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From Securities Regulation Daily, May 5, 2017

Lehman employees' RSU claims must be subordinated to general creditors

By R. Jason Howard, J.D.

The Second Circuit Court of Appeals has upheld the judgment of the lower court in finding that breach-of-contract claims arising out of Restricted Stock Units (RSU) awarded to Lehman Brothers employees must be subordinated to the claims of general creditors (In re Lehman Brothers Holdings, Inc., May 4, 2017, Sack, R.).

Lehman and the RSUs. In 2008, when Lehman filed for Chapter 11 bankruptcy, thousands of its employees held RSUs, which gave the employees a contingent right to own Lehman common stock at the conclusion of a five-year holding period.

The bankruptcy filing rendered the RSUs worthless, and the bankruptcy court determined that Section 510(b) of the Bankruptcy Code required subordination of the claims because they arose from the purchase or sale of securities. In the alternative, the claims had to be categorically disallowed because as equity holders, the claimants could assert only proofs of interest, not proofs of claim. The district court affirmed, and the claimants appealed.

Subordination. At the outset, the Second Circuit initially determined that the claims were not categorically disallowed as the bankruptcy court had determined because "at least some of the claims are distinct from any equity security interests the claimants may otherwise hold." Namely, the claimants asserted that Lehman breached its contractual obligation to compensate them insofar as it did not pay them the cash value of unvested RSUs. This breach-of-contract claim was distinct from the equity interest in the RSUs themselves.

To determine the subordination issue, the court turned to the analysis set forth in In re Med Diversified, Inc. (2d Cir. 2006) and In re Enron Corp. (Bankr. S.D.N.Y. 2006), and determined that the claims must be subordinated if each of the following three conditions is met: (1) RSUs are securities, (2) the claimants acquired them in a purchase, and (3) the claims for damages arise from that purchase or the asserted rescission of it.

Turning to the three conditions, the court determined that the RSUs constituted a "security" pursuant to Section 101(49)(A)(xiv) of the Bankruptcy Code, explaining that "in certain important respects, the claimants' RSUs resemble other securities specifically enumerated in subsection (A)."

The court also determined that the claimants received the RSUs through a "purchase or sale" in that they earned the units as compensation for their labor. The court noted that the term "purchase" in Section 510(b) is properly construed broadly "to include circumstances where a claimant has received equity securities in exchange for labor."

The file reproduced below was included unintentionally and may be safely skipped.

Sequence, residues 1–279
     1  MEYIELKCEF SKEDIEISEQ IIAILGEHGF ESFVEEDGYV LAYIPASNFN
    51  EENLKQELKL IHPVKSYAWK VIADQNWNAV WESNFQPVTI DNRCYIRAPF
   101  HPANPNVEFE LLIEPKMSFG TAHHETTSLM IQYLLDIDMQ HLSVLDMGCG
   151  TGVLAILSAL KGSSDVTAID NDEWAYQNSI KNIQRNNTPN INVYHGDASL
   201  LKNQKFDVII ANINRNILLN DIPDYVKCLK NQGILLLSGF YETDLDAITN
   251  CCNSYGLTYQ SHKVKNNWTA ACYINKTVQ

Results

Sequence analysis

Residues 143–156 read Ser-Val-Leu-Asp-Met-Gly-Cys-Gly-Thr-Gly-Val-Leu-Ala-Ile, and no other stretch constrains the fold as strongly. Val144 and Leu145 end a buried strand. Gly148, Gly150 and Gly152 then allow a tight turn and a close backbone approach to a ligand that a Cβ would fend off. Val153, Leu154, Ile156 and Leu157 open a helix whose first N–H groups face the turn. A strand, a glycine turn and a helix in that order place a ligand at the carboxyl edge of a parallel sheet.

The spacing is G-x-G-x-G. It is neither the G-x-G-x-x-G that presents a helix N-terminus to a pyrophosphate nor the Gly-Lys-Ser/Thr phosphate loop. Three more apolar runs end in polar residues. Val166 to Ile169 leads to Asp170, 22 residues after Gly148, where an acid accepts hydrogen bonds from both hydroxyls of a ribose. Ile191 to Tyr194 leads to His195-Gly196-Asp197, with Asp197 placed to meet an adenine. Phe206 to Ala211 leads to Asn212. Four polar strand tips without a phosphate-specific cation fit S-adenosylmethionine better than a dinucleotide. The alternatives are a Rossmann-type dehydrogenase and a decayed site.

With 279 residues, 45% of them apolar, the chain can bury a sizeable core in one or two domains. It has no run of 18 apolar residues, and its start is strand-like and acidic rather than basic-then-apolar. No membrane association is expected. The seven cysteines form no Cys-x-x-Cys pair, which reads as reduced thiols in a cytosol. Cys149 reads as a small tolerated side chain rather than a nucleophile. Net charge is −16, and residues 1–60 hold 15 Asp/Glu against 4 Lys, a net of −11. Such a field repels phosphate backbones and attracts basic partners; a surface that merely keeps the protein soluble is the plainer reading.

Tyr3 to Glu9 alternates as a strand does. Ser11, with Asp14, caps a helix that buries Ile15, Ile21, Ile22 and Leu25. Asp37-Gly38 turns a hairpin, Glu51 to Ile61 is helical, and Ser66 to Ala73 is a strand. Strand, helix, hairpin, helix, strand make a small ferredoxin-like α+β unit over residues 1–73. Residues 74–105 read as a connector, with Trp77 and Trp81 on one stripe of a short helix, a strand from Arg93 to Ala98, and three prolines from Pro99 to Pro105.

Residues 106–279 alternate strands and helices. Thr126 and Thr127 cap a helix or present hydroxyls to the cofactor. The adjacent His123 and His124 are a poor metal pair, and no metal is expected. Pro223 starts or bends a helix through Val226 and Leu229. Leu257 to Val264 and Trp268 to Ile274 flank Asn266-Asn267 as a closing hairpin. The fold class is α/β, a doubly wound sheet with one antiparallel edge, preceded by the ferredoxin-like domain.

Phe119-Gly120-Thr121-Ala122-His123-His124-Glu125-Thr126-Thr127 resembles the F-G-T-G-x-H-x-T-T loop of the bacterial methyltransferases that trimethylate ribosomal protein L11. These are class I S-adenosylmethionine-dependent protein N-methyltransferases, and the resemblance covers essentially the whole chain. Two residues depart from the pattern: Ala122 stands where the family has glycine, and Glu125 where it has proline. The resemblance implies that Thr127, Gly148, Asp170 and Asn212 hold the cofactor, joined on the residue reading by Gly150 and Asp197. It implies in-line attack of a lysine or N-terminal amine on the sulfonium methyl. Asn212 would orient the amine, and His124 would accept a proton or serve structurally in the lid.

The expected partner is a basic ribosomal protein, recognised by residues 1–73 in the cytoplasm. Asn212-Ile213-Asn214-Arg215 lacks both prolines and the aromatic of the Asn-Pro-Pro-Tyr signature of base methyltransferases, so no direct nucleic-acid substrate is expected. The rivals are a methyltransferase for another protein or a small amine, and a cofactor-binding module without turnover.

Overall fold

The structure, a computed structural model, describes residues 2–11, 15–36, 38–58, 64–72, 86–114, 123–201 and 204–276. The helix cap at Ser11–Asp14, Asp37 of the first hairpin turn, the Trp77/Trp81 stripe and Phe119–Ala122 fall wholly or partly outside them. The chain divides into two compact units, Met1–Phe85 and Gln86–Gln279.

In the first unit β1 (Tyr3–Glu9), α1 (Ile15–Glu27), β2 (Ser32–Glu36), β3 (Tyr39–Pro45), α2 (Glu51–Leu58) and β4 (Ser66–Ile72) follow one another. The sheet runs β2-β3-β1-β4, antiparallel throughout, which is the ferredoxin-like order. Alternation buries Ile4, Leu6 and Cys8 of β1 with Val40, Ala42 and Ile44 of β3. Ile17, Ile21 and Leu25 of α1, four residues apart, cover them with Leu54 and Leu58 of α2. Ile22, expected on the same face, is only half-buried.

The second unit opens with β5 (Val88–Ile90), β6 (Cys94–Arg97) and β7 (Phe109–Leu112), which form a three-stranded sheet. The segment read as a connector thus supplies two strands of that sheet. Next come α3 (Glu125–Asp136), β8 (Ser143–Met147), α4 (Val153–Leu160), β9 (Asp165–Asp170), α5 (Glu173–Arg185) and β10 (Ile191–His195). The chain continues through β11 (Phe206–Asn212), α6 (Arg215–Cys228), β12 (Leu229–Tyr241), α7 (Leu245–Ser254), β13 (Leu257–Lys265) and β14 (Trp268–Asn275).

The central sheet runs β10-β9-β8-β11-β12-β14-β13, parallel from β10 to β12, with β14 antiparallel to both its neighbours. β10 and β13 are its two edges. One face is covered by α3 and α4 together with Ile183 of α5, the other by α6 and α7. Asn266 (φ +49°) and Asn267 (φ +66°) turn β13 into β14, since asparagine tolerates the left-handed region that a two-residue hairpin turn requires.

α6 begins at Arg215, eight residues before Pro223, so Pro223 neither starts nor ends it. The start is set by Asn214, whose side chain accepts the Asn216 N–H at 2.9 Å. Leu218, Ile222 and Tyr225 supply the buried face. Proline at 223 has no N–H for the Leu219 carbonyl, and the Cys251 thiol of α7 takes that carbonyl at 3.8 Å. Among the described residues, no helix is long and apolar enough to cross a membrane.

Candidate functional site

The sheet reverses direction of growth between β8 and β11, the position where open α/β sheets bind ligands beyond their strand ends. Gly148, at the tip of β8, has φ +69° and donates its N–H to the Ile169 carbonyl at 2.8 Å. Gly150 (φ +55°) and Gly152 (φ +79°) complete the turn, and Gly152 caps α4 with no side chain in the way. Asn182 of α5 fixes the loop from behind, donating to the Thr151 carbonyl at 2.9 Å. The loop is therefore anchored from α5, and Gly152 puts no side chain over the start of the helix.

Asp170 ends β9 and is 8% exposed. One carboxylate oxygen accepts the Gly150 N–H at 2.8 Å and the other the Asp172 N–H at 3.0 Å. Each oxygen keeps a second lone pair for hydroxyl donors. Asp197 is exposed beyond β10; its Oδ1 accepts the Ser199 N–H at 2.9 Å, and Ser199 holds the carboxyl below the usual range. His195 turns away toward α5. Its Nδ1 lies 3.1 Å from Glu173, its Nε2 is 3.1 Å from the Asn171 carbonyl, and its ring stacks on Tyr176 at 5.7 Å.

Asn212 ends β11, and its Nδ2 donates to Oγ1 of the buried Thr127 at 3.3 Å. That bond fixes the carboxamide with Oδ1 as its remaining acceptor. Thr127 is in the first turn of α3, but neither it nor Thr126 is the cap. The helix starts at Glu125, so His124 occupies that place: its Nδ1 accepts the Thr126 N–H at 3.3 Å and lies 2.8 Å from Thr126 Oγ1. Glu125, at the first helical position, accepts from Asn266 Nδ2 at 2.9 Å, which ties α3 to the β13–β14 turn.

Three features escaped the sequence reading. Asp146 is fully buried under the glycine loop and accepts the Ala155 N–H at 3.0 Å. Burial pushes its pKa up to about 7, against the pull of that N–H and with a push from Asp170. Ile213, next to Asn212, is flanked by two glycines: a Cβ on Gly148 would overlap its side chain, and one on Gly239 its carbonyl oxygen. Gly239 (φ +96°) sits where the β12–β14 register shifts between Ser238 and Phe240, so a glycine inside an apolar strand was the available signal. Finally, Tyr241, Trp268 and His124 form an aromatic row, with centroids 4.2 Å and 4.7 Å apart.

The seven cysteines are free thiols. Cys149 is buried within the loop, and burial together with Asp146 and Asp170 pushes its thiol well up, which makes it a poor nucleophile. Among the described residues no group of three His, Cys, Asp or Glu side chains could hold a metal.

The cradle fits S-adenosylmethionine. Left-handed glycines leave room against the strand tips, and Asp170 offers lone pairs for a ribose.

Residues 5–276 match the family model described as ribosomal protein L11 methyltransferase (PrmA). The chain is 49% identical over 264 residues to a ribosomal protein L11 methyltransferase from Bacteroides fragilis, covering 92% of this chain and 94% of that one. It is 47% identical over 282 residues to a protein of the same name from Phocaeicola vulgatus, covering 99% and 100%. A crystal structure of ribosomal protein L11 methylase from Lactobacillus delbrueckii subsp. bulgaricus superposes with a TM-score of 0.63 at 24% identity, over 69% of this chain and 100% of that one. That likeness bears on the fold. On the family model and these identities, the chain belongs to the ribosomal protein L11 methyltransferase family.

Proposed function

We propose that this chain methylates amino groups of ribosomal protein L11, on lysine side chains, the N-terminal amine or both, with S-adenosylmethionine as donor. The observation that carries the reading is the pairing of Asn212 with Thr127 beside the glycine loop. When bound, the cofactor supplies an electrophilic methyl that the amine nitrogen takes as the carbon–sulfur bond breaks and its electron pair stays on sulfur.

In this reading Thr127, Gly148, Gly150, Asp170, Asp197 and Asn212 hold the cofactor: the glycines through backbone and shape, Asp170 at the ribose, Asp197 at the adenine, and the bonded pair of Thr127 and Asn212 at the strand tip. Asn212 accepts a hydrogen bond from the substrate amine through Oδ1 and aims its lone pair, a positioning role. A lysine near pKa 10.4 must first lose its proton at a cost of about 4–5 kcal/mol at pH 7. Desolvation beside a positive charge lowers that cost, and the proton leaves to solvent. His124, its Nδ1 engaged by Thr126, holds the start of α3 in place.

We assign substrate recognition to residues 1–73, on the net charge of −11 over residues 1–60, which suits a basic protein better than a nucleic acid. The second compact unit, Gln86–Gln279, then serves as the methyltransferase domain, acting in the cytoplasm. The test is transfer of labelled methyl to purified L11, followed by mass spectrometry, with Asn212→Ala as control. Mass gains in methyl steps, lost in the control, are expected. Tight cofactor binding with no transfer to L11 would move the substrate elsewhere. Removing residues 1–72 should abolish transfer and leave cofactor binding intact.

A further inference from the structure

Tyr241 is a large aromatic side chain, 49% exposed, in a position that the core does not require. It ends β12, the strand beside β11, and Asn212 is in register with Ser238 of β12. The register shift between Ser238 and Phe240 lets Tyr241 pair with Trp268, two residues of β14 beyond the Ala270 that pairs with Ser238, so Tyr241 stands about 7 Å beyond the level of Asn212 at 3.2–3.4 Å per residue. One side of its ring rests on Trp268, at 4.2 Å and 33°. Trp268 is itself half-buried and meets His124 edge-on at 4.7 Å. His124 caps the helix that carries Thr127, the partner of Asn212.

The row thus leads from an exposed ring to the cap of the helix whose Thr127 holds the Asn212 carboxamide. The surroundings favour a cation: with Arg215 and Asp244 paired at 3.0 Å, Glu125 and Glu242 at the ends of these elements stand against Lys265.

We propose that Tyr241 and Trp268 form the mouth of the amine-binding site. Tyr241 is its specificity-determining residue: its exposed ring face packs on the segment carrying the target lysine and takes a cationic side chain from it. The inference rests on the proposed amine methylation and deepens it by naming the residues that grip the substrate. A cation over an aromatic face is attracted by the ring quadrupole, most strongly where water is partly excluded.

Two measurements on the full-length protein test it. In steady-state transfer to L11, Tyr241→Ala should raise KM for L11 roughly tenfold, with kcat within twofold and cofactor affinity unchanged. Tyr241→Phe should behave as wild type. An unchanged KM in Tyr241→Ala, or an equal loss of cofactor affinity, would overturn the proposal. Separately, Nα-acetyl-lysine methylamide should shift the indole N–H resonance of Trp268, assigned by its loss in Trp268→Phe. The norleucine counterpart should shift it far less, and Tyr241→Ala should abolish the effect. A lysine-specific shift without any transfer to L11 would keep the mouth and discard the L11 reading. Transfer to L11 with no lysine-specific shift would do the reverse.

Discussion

Basically, the claimants "purchased" the RSUs within the meaning of Section 510(b) by agreeing to receive them, in lieu of cash, in exchange for a portion of their labor. By agreeing to work at Lehman, the claimants "voluntarily accepted that Lehman had the discretion to pay part of their compensation in RSUs."

Finally, the court addressed whether the claims were claims for damages arising from the purchase of a security pursuant to Section 510(b), which provides that claims arising from a securities transaction must be subordinated. The court agreed that Section 510(b) applied to the claims "because they would not have arisen but for the claimants' agreement with Lehman Brothers to receive part of their compensation in the form of RSUs."

The claimants advanced a variety of theories in opposition to that conclusion, including alternative performance, restitution, and the deletion of the subordination provisions from the Lehman RSU program as evidence of the parties’ intention to treat the claimants as general creditors in the event of bankruptcy, but the court found none of the arguments to be persuasive. Notably, the court deferred to the parties’ contractual obligations in rejecting the employees’ argument that they were entitled to cash as alternative performance. The compensation plan gave Lehman the option to pay employees in cash or in RSUs, the court reasoned. Once it chose RSUs, its only obligation was to deliver stock at the end of the five-year holding period.

Holding. The Second Circuit ultimately held that the claims must be subordinated pursuant to section 510(b), which safeguards the absolute priority rule under which creditors are entitled to be paid ahead of shareholders in the distribution of corporate assets, because within the meaning of the statute the RSUs were securities, the claimants acquired them in a purchase and the claims for damages arose from that purchase or the asserted rescission thereof.

The case is No. 16-1367-bk.

Attorneys: Andrew Robert Goldenberg (Stamell & Schager, LLP) for Jennifer Adler. Ralph I. Miller (Weil, Gotshal & Manges LLP) for Lehman Brothers Holdings Inc.

Companies: Lehman Brothers Holdings Inc.

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